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We really had no idea! Very close to curtain time on the brutally cold evening of January 24th the door at Philadelphia's Suzanne Roberts (located on our proud Avenue of the Arts) closest to the coat-check was opened for us my husband, me, and others. Because of this we were able to avoid the main entrance, quickly check our coats, hats and scarves and settle in for “The Mountaintop,” Katori Hall’s Olivier-winning, original rendition of the last night of Martin Luther King’s life at age 39 in Room 306 of the now famous Lorraine Motel in Memphis.
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The evening we arrived at the theatre was brutally cold. We thought the different door opening was to help us out of the cold quickly. Perhaps it was, but only partly.
For irony followed. When seated we saw that most in the sparse audience were holding handouts given to them at the main entrance of the theatre by the stagehands and picketers of IATSE, local 8. The handout, passed on to unknowing us by a fellow theatre goer, explained that the PTC’s stagehands had been working without a contract for over six months, and the only thing they were asking for was “modest health care” and a “raise of twenty-five cents.” Quoting Dr. King, who had been in Memphis to support the AFSME Memphis Sanitation Strike, where he spoke the day before he died, the paper read, “What good is having the right to sit at a lunch counter if you can’t afford a hamburger.”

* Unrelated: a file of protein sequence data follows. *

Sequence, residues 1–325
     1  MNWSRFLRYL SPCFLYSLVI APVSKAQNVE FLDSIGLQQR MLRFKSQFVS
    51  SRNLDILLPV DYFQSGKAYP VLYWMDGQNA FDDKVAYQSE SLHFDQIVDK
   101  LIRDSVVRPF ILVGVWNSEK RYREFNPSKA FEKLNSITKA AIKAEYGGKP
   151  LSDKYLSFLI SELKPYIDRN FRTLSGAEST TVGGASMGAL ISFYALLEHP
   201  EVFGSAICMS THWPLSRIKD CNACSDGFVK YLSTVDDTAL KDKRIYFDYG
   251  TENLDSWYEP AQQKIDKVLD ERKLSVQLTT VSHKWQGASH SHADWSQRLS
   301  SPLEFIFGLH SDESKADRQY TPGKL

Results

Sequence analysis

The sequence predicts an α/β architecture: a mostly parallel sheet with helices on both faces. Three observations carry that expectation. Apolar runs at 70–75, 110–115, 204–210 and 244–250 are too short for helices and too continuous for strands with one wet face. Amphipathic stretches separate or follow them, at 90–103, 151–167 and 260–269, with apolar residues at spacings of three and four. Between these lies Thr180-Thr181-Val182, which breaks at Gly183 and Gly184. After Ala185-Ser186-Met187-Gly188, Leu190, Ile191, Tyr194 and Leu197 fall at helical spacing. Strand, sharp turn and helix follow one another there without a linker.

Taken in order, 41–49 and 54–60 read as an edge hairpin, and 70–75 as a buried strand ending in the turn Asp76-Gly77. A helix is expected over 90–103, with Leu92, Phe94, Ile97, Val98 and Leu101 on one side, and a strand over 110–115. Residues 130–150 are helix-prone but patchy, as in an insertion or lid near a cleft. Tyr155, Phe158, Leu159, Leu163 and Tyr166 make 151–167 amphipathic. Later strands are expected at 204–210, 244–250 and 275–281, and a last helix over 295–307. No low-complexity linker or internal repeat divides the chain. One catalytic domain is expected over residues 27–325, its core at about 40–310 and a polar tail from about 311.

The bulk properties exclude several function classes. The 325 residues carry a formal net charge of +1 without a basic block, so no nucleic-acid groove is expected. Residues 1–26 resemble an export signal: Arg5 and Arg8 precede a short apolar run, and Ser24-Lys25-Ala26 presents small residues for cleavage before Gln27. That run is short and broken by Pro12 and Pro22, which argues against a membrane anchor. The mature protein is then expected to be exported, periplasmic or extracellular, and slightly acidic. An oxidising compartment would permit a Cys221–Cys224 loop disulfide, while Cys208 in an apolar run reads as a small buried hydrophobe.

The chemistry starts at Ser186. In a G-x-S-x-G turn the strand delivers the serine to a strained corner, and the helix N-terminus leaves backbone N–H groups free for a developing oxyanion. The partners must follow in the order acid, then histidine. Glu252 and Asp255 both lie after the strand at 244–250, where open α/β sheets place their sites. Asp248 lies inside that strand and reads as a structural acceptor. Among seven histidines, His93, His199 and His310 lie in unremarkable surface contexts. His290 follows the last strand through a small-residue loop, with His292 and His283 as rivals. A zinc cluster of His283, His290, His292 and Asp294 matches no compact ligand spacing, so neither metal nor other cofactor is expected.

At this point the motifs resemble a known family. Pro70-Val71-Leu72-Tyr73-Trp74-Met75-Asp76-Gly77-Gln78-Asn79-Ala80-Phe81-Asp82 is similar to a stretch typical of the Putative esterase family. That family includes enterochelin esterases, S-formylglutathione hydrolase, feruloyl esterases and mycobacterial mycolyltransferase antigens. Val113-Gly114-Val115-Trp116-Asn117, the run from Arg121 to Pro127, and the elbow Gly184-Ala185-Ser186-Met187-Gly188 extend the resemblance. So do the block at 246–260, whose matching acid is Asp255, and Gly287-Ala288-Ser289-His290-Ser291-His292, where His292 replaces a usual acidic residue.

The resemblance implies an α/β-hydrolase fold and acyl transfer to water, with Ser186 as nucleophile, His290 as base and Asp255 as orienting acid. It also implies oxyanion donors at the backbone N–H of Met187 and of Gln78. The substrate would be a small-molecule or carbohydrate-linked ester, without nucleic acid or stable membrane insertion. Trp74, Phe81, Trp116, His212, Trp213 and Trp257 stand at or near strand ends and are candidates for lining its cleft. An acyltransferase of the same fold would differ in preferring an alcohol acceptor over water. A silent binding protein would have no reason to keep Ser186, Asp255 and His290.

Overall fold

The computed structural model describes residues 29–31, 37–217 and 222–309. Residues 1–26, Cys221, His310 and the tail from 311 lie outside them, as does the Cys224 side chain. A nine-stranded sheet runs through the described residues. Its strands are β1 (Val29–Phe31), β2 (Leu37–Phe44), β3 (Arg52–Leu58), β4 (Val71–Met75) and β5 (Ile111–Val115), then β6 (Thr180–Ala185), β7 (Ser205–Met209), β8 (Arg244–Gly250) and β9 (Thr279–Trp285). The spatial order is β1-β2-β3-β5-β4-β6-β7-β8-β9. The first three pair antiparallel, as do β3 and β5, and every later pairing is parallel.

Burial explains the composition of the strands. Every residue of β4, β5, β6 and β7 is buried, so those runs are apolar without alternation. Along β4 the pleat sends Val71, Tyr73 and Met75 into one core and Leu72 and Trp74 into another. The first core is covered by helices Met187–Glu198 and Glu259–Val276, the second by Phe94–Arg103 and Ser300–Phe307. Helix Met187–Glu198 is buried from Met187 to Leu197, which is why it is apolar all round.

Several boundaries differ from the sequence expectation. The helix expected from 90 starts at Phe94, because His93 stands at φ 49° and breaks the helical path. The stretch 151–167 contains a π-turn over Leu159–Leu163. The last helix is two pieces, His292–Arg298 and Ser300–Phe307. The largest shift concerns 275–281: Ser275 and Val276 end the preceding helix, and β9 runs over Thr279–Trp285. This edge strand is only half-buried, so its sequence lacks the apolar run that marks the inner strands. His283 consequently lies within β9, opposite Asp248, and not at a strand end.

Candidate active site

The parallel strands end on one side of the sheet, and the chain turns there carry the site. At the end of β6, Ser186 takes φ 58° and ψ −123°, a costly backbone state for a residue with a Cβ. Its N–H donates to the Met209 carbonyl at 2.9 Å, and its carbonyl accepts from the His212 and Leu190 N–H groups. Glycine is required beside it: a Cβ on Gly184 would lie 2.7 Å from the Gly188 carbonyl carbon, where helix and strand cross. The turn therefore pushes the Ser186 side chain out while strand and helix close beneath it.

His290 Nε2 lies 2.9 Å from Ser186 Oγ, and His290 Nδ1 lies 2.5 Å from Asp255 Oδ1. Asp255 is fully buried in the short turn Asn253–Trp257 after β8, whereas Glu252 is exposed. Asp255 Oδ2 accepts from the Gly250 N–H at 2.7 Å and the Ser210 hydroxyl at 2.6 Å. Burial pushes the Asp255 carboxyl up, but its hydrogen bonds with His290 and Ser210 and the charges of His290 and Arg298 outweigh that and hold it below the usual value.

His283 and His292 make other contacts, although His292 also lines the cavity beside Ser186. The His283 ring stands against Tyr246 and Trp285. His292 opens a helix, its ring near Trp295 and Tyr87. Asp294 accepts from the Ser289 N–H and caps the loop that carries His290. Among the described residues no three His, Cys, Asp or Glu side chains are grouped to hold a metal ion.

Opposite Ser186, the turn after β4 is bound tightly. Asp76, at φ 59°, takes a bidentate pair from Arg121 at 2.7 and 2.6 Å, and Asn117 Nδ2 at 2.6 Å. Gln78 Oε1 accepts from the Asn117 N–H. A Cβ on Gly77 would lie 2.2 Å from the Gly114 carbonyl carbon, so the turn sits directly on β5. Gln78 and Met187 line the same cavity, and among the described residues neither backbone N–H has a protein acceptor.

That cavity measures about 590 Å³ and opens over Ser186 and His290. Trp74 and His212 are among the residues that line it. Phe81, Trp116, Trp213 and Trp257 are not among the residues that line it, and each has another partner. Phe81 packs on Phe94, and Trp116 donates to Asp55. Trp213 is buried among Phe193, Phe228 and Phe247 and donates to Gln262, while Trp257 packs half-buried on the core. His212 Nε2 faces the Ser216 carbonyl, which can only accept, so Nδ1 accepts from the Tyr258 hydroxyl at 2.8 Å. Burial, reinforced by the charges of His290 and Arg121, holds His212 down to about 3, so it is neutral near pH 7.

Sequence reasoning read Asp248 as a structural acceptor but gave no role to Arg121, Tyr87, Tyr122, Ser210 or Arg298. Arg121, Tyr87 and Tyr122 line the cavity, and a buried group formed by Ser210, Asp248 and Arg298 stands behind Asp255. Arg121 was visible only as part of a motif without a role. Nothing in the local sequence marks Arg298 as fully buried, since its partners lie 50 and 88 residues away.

The distributed page also explained that “the work you will see tonight is merely a staged-reading under work-lights” and suggested that theatre goers demand “half priced tickets” as FTC was presenting “half of a show.”
I had never before crossed a picket line, and my husband, a doctor, had only crossed one once, when there was a strike at his hospital, and an ill patient needed his care. I would have left, but as we realized what was going on and the audience grew in size, Sara Garonzik, PTC’s devoted and enormously talented Artistic Dirctor, appeared to assure the audience that the company was working diligently to solve union problems. She then introduced actor,Yvette Ganier, extreme house right, who would read stage directions in place, and who did as fine a job as possible, along with the actor's total investment, to compensate for the lack of key theatrical effects and recorded sound cues. And the play, which will run until February 17th, began…..
Many know that in the 2011 New York production of “The Mountaintop,” Samuel L. Jackson played Dr. King and the sassy, provocative and puzzling motel maid, Camae, in this two person play was to be played by Halle Berry, who because of child custody issues was unable to appear. The role was then given to Angela Bassett. In Philadelphia Dr. King was played by the talented Sekou Laidlow, who gave his all and then some. And the mysterious Camae was played by the equally talented Amirah Vann.